Alan Kohler: Complacency produces a dose of reality with painful delays

The real cause of Australia’s vaccination delays is that the government didn’t think there was any need to hurry because nobody was dying.

That was revealed by the secretary of the Health Department, Brendan Murphy, in an interview with Leigh Sales on the ABC’s 7.30 on Tuesday.

“We have always taken the view that unlike just about every other country in the world, we didn’t have the need for Emergency Use Authorisation and rapid approval processes, to get access to vaccines earlier,” he said.

“We went through our normal proper TGA approval processes and until they were completed, we couldn’t get access to vaccines – no company would distribute those vaccines.”

That’s the first time anyone has admitted the government itself is behind the delays.

Even on that same day Prime Minister Scott Morrison said the problem was that 3.1 million doses had not been delivered from overseas: “Supply is the major restraint and always has been, whether it’s been the non-delivery of vaccines from overseas, some three million that we were relying upon, and we all are aware of the situation in Europe and other places that has frustrated that supply.”

That was immediately denied by the EU, and then next morning Mr Morrison doubled down on the 3.1 million missing doses, so it’s turned into a mystery story, going nowhere without an inquiry.

A mistake born of complacency

Anyway, Professor Murphy’s revelation clarified the fundamental issue: The Australian government decided to go through normal TGA approval processes rather than use emergency authorisation as other countries have done.

That was a mistake, born of complacency and over-confidence.

If a deadly global pandemic that caused the fastest, deepest recession in history is not an emergency, it’s hard to know what is.

It’s true that our vaccine failure arose from success, while other countries did it the other way around – failure first, success later.

The US and UK were hopelessly lax in controlling the virus, so that 682,000 people have died in those two countries.

In response to that horrible death toll, they both had to hit the accelerator on vaccination and issued emergency use authorisations as well as organising massive logistical exercises to distribute them.

As a result, 46 per cent of Britons and 32 per cent of Americans have now been vaccinated.

Australian states were tough on lockdowns and quarantine last year, so only 909 Australians have died. The equivalent of that number in the US would be 11,700, not 555,000.

The Morrison government was opposed to the elimination strategy to begin with and has now over-promised and under-delivered in its own task of organising vaccines, and is being pilloried mercilessly and universally as a result.

It has not been helped by fresh memories over the response to Parliamentary sexual assault and the failure to sack Andrew Laming, which meant Mr Morrison has lost the benefit of the doubt for a while.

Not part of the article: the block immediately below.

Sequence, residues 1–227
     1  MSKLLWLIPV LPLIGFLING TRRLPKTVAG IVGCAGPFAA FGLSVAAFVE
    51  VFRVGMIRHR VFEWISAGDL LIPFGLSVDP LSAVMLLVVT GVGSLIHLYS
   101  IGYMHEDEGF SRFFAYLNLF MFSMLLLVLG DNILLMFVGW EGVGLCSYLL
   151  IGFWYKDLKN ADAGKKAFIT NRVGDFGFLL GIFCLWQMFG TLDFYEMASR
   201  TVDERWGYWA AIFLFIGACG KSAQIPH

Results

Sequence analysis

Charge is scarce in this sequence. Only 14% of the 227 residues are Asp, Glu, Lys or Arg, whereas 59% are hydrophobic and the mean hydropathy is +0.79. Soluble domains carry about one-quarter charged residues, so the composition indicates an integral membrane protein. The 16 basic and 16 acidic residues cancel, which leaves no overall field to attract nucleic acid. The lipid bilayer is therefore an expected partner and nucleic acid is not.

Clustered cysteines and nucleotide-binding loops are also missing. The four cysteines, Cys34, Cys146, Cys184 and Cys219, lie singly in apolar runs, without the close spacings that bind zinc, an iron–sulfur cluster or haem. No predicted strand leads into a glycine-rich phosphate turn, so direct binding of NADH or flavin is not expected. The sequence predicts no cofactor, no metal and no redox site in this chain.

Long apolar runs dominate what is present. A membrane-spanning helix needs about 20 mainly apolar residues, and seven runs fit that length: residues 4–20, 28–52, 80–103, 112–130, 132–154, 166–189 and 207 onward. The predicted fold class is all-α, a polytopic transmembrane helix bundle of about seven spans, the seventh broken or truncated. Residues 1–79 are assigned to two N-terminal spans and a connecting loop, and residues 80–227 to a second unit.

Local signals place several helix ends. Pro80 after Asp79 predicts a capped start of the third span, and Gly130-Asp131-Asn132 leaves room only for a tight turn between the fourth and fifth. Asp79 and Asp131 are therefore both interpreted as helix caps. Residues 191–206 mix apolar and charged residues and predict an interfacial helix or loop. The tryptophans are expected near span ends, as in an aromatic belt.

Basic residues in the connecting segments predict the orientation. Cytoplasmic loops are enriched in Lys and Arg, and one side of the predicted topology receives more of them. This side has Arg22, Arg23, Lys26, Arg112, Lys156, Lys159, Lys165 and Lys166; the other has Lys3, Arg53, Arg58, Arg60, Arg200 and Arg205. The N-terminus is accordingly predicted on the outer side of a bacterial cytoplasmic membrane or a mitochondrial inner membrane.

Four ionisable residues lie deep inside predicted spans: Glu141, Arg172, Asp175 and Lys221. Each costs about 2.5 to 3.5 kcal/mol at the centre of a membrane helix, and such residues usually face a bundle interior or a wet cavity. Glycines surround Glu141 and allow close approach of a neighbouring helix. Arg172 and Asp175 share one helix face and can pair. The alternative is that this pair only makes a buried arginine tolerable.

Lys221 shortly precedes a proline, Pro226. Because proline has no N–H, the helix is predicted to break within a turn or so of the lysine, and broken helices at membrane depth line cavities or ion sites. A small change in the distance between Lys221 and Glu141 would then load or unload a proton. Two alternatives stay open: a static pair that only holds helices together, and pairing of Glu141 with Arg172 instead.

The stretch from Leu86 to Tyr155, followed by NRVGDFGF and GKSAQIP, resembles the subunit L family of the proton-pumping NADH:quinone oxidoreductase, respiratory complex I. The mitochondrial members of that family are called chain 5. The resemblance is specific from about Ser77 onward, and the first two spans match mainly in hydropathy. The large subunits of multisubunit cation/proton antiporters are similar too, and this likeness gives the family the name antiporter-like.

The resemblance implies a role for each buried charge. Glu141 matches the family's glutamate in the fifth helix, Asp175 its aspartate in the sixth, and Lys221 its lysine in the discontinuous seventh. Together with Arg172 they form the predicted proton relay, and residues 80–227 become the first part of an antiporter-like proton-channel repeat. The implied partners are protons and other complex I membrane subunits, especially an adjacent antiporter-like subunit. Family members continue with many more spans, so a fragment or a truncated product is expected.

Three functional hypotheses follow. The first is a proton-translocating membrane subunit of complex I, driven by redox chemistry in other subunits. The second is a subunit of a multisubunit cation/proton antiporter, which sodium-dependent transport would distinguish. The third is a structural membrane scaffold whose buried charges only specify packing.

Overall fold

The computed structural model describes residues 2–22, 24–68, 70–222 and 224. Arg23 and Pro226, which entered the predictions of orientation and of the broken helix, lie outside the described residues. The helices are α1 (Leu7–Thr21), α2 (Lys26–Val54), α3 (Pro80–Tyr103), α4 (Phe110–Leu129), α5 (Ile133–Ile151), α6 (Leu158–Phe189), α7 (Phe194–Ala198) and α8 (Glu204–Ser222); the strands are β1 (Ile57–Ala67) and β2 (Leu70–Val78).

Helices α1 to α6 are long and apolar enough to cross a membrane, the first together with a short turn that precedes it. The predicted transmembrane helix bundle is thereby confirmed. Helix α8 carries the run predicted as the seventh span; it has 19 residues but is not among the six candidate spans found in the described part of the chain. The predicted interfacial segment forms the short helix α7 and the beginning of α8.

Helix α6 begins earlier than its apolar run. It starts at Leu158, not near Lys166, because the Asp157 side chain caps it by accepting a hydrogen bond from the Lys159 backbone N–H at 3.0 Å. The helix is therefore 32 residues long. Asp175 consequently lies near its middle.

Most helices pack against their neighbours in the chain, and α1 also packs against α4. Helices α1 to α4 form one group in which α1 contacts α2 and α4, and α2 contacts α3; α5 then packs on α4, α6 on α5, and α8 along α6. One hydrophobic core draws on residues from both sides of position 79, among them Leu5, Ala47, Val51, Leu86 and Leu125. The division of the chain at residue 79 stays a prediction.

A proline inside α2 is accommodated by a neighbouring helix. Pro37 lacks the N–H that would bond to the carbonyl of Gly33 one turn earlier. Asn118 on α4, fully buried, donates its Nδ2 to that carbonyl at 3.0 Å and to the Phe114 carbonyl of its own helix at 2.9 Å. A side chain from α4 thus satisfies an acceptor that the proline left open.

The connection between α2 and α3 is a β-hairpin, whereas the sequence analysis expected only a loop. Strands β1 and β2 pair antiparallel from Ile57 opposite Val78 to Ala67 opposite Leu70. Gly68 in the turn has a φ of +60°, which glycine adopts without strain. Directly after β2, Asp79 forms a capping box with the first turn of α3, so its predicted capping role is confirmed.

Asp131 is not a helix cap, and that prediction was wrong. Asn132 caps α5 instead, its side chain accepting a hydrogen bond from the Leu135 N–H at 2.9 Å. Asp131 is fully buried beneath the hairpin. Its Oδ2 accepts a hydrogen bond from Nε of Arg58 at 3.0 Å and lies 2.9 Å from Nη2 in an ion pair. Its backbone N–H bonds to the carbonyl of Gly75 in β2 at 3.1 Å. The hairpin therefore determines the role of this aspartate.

So while the state premiers have been seen to make decisions that are against their own political interests, but were the right thing to do for their citizens’ health, the federal government is perceived to be making political decisions, spinning them and then under-delivering on health.

Hedging always gets lost

The criticism is not entirely fair: I’ve been reading back over Scott Morrison’s press conferences last year and he was always careful to say that vaccines would be rolled out when they were approved by the authorities.

He did say we would be at the front of the queue and that he expected four million people to get their first dose by the end of March, but the statements were hedged with the proviso the vaccines had to be approved first, and available, but as he well knows, hedging like that always gets lost.

And in any case, as we have learnt from Brendan Murphy, the government had decided it wasn’t an emergency.

And of course, the TGA took its usual sweet time issuing provisional approvals, so the companies that owned the vaccines were not legally covered to ship them.

Also, a lot of the vaccines have been slow to arrive for various other reasons and CSL has been slower than everyone had hoped to gear up its manufacturing.

On top of that, the distribution through GPs is under fire as well, mainly because some doctors are complaining about not getting enough doses, but also because the government seemed to be dreaming about how many vaccinations the doctors could do.

Set to miss targets

Initially, the plan was to have 1000 GP practices do the work. My local practice is doing 10 per day, partly because they have other patients to deal with – doctors aren’t sitting around with nothing to do.

At that rate, it would take eight years to give the Australian adult population two doses each. The number of GPs doing vaccinations has increased to 1500, and will soon go to 4500.

In fact, all 8100 Australian GP practices will probably have to be roped in, as well as some state-run vaccine hubs, and other distribution centres as well, just to get through the volume necessary for herd immunity fast enough – that is, once CSL has geared up to full production and the jabs are available.

This crisis too shall pass, but Scott Morrison is racking up black marks that will linger.

Alan Kohler writes for The New Daily twice a week. He is editor in chief of Eureka Report and finance presenter on ABC News

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